Wildfires

FILE - In this Oct. 10, 2019, file photo, a helicopter drops water near power lines and electrical towers while working at a fire on San Bruno Mountain near Brisbane, Calif. California’s Pacific Gas & Electric is faced regularly with a no-win choice between risking the start of a deadly wildfire or immiserating millions of paying customers by shutting off the power. (AP Photo/Jeff Chiu, File)
November 14, 2019 - 9:28 am
The utility that serves more than 5 million electrical customers in one of the world’s most technologically advanced areas is now faced again and again with a no-win decision: risk starting catastrophic deadly wildfires, or turn off the lights and immiserate millions of paying customers. Pacific...
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FILE - In this Aug. 15, 2019, file photo, a Pacific Gas & Electric worker walks in front of a truck in San Francisco. California’s Pacific Gas & Electric is faced regularly with a no-win choice between risking the start of a deadly wildfire or immiserating millions of paying customers by shutting off the power. (AP Photo/Jeff Chiu, File)
November 14, 2019 - 9:21 am
The utility that serves more than 5 million electrical customers in one of the world’s most technologically advanced areas is now faced again and again with a no-win decision: risk starting catastrophic deadly wildfires, or turn off the lights and immiserate millions of paying customers. Pacific...
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FILE - In this Aug. 15, 2019, file photo, a Pacific Gas & Electric worker walks in front of a truck in San Francisco. California’s Pacific Gas & Electric is faced regularly with a no-win choice between risking the start of a deadly wildfire or immiserating millions of paying customers by shutting off the power. (AP Photo/Jeff Chiu, File)
November 14, 2019 - 1:09 am
The utility that serves more than 5 million electrical customers in one of the world’s most technologically advanced areas is now faced again and again with a no-win decision: risk starting catastrophic deadly wildfires, or turn off the lights and immiserate millions of paying customers. Pacific...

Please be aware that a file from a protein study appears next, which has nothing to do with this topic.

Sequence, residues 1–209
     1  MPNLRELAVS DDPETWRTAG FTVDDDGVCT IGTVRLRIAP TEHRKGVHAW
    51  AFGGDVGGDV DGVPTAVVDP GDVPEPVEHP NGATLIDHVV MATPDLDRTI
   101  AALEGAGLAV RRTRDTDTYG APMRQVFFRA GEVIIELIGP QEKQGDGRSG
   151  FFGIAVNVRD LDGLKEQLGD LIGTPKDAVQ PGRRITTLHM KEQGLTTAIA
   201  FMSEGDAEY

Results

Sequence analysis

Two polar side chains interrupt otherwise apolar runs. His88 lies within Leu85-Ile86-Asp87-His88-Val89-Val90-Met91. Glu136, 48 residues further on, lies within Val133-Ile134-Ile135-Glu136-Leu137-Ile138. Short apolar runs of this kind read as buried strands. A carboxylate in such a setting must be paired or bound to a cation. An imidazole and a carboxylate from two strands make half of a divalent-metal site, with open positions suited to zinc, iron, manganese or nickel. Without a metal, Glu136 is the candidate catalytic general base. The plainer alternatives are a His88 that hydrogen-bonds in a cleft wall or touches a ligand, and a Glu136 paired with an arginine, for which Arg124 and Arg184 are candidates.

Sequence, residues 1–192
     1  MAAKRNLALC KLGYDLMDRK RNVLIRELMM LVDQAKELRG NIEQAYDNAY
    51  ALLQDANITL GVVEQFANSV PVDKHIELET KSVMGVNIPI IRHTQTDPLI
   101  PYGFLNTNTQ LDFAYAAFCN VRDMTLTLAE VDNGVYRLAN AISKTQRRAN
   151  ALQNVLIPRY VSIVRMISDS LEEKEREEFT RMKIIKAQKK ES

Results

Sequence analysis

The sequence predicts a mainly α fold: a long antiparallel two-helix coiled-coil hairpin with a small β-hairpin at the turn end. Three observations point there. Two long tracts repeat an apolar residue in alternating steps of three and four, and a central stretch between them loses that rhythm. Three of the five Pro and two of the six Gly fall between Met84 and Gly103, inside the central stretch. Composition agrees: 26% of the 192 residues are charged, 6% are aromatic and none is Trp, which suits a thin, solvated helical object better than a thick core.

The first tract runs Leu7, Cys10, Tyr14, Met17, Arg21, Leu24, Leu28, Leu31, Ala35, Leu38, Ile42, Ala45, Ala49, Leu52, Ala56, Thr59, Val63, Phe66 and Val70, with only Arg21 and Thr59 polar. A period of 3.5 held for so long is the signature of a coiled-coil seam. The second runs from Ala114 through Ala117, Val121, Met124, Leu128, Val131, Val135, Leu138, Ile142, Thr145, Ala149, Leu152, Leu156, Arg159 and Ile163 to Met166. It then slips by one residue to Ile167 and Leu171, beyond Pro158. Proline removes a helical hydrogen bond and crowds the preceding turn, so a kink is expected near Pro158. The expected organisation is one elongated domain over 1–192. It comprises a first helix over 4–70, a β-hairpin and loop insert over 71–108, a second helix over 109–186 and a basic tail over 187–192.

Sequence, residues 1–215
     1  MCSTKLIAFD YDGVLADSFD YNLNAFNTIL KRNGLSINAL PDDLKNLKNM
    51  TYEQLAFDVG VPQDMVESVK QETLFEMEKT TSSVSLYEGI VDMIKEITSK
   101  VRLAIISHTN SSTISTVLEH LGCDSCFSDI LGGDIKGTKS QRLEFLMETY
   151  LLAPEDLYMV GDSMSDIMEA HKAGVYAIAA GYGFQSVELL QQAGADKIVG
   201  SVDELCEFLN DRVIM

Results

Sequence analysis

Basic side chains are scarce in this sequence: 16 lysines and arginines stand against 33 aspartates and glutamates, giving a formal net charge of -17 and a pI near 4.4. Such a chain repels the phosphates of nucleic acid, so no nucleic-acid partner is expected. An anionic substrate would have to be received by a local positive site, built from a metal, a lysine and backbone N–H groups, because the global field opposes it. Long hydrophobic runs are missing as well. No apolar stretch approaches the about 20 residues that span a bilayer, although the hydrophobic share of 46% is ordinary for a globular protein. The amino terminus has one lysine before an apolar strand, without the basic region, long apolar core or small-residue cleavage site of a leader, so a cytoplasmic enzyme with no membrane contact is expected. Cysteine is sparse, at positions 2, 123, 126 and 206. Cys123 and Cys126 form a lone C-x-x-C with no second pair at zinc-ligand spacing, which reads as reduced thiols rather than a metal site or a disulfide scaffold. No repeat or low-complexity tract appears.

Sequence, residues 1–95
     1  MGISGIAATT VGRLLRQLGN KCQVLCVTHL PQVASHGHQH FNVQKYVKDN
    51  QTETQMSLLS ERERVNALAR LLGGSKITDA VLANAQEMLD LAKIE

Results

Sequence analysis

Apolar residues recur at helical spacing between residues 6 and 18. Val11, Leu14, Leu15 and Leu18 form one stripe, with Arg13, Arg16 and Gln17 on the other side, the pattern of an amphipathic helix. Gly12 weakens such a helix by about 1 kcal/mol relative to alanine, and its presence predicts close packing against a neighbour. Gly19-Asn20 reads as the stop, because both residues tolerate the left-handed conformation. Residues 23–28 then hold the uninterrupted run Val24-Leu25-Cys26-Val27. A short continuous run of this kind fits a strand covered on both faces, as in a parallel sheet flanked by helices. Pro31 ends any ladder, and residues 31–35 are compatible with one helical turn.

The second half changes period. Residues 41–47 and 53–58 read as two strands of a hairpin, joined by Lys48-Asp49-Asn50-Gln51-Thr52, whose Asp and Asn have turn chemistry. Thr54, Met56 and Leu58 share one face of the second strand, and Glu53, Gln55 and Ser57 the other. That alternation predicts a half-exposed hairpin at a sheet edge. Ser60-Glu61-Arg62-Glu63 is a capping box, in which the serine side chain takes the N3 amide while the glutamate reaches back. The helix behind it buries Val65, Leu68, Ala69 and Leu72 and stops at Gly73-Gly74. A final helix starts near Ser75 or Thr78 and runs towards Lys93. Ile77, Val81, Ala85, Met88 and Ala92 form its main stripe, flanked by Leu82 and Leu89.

Read More
FILE - In this Aug. 15, 2019, file photo, a Pacific Gas & Electric worker walks in front of a truck in San Francisco. California’s Pacific Gas & Electric is faced regularly with a no-win choice between risking the start of a deadly wildfire or immiserating millions of paying customers by shutting off the power. (AP Photo/Jeff Chiu, File)
November 14, 2019 - 1:07 am
California’s Pacific Gas & Electric is faced regularly with a no-win choice between risking the start of a deadly wildfire or immiserating millions of paying customers by shutting of the power. The utility serves more than 5 million electrical customers in one of the world’s most...
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California Public Utilities Commissioner Cliff Rechtschaffen speaks at a CPUC meeting in San Francisco, Wednesday, Nov. 13, 2019. California regulators will vote Wednesday on whether to open an investigation into pre-emptive power outages that blacked out large parts of the state for much of October as strong winds sparked fears of wildfires. (AP Photo/Jeff Chiu)
November 13, 2019 - 10:37 pm
SAN FRANCISCO (AP) — California regulators opened a formal investigation Wednesday into preemptive power outages that blacked out large parts of the state in October, drawing strong rebukes from public officials and residents who said the shut-offs were too broad and poorly executed. The unanimous...